Connect with us


Gig worker’s tale: Economy craters, pet groomer hopes to land on feet



JD Harrison has been struggling to get by since COVID-19 has kept Georgians away from non-essential services like pet grooming. Thursday’s jobless report from the U.S. Department of Labor will provide a new count of out-of-work Georgians. Photo credit: Perfect Paws Mobile Grooming,

Monday was JD Harrison’s birthday, but he didn’t have much cause for celebration.

“I’m not getting by, realistically speaking,” he said. “I don’t want to embarrass myself, but I’m not getting by.”

At the start of the year, Harrison was making $8,000 to $12,000 a month between his Smyrna-based mobile dog grooming business, Perfect Paws, and driving for Uber and Lyft on the side.

Now, he said he’s making closer to $4,000, and his payments come from the Georgia Department of Labor.

Harrison is one of nearly 1.8 million Georgians to apply for unemployment since COVID-19 began shutting down businesses in March.

That grim toll increases every Thursday lately, when the U.S. Department of Labor releases Georgia’s weekly jobless reports, documenting the worst economic downturn since the Great Depression.

Harrison said he started to notice business slowing down in late February, but calls came to a complete stop in March, around the same time pink slips began going out en masse across Georgia. During the week ending March 21, the number of Georgians filing new unemployment claims more than doubled.

“Business was so slow in March that eviction was inevitable,” Harrison said. “Between February and March, business was just insanely, ridiculously slow.”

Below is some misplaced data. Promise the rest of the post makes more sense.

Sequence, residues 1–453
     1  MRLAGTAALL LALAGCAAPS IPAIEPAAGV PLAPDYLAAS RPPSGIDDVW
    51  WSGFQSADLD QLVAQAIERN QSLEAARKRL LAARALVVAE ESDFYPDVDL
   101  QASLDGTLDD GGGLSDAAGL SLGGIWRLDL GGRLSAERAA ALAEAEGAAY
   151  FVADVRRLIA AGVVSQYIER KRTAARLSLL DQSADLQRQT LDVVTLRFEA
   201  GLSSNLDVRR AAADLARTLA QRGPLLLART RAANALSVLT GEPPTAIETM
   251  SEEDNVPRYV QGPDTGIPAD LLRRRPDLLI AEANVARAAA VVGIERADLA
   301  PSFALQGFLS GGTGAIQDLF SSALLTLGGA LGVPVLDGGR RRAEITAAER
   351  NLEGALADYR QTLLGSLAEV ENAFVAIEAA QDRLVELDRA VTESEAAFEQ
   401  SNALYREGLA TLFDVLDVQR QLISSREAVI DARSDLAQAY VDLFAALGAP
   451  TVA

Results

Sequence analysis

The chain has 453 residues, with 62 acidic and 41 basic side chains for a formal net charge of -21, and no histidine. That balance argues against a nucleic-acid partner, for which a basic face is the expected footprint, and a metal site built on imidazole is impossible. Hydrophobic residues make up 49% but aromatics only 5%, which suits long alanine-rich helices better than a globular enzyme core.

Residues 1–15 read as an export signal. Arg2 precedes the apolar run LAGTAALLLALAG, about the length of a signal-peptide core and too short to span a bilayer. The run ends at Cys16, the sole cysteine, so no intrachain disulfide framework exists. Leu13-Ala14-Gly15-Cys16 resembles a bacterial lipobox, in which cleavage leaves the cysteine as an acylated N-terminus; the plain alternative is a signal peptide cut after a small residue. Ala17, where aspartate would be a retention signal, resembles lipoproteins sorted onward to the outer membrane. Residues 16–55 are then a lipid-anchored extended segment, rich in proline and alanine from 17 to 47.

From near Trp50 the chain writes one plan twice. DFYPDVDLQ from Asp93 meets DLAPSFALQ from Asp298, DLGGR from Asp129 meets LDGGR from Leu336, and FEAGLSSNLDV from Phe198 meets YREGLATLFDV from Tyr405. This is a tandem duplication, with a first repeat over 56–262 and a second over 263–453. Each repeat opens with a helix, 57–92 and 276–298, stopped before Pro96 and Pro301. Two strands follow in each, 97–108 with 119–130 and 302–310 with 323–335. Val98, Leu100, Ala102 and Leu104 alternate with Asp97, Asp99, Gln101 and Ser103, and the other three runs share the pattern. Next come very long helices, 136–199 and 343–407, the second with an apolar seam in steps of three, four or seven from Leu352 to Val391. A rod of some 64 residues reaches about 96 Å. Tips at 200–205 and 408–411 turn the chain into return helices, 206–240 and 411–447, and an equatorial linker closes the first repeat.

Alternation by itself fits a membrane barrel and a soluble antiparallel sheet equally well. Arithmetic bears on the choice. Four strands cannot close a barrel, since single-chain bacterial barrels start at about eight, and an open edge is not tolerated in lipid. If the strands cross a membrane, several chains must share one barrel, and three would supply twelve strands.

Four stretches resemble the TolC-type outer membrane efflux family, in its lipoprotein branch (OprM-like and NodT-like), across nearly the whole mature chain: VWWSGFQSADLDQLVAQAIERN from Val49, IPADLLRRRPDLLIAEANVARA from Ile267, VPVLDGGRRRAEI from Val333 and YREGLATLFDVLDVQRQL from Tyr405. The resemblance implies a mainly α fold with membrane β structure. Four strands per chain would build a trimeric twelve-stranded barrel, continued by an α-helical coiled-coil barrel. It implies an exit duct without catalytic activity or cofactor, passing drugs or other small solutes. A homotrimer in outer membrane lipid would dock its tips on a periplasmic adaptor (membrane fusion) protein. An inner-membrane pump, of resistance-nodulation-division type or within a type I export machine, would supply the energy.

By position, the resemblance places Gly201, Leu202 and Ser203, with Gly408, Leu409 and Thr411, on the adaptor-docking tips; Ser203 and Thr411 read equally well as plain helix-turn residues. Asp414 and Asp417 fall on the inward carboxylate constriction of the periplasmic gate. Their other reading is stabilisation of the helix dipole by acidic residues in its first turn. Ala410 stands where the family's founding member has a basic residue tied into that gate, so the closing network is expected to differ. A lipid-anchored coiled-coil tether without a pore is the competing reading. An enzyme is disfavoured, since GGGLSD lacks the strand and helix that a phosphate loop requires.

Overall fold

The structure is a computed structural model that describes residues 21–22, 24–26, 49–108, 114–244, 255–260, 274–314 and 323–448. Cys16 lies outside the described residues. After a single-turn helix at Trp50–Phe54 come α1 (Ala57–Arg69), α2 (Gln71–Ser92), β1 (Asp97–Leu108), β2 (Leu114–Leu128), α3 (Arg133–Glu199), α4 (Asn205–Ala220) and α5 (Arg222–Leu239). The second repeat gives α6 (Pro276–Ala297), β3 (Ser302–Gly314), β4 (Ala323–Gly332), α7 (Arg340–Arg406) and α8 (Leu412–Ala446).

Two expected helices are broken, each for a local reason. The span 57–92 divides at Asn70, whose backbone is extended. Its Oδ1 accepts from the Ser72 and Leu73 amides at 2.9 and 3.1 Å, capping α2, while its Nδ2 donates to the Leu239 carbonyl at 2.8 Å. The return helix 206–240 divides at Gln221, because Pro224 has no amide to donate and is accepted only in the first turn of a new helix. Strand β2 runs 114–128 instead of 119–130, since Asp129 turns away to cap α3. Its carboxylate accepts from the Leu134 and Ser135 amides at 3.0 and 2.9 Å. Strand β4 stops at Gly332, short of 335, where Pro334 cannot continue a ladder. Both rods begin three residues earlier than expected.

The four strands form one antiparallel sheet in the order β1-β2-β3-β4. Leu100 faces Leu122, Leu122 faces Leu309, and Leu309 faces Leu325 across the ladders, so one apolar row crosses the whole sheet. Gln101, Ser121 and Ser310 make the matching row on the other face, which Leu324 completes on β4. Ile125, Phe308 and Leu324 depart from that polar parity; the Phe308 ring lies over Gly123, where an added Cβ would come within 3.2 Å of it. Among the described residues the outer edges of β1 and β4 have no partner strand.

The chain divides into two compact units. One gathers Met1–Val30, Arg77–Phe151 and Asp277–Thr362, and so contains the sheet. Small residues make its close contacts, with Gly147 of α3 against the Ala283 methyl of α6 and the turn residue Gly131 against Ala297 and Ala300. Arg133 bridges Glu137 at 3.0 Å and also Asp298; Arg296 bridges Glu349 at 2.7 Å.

That initial wave of layoffs was felt most intensely by workers in the restaurant, convention and hospitality industries, all of which are major components of Georgia’s economy. Now layoffs are spread much more widely, affecting office workers and manufacturers. On Tuesday, 300 employees of the Czarnowski marketing firm in Austell were added to the state’s Business Layoff/Closure Listing website. Atlanta’s Cox Automotive just announced it plans to furlough 12,500 workers this month.

Harrison applied for unemployment benefits in March, but at that time, the state Department of Labor was not set up to pay benefits to gig workers and independent contractors like him. That only became possible after the president signed the federal CARES Act in late March.

“The state of Georgia unemployment basically said, ‘OK, gig workers, we don’t have the system set up for you, we’re making it from scratch, so just accept holding on until April 22. You’ll be sent an email if you were denied unemployment for pandemic unemployment.’”

That’s what happened for Harrison – he said he got his email around April 22.

“After that, it took maybe two weeks for everything to get started to go through, but just think of having a 70% income drop from mid-February to April,” he said.

With scarcely any money coming in, Harrison lost his Atlanta apartment. He’s temporarily staying at an Airbnb until he can arrange something permanent.

Harrison said he’s not even trying to drive for Uber and Lyft right now because he does not want to risk getting sick. He’s still accepting clients for pet grooming, but finding few takers. Georgia’s close-contact businesses were among the first to reopen as part of Gov. Brian Kemp’s recovery plan, but not many Georgians are making a pets’ hair styling a high priority, Harrison said.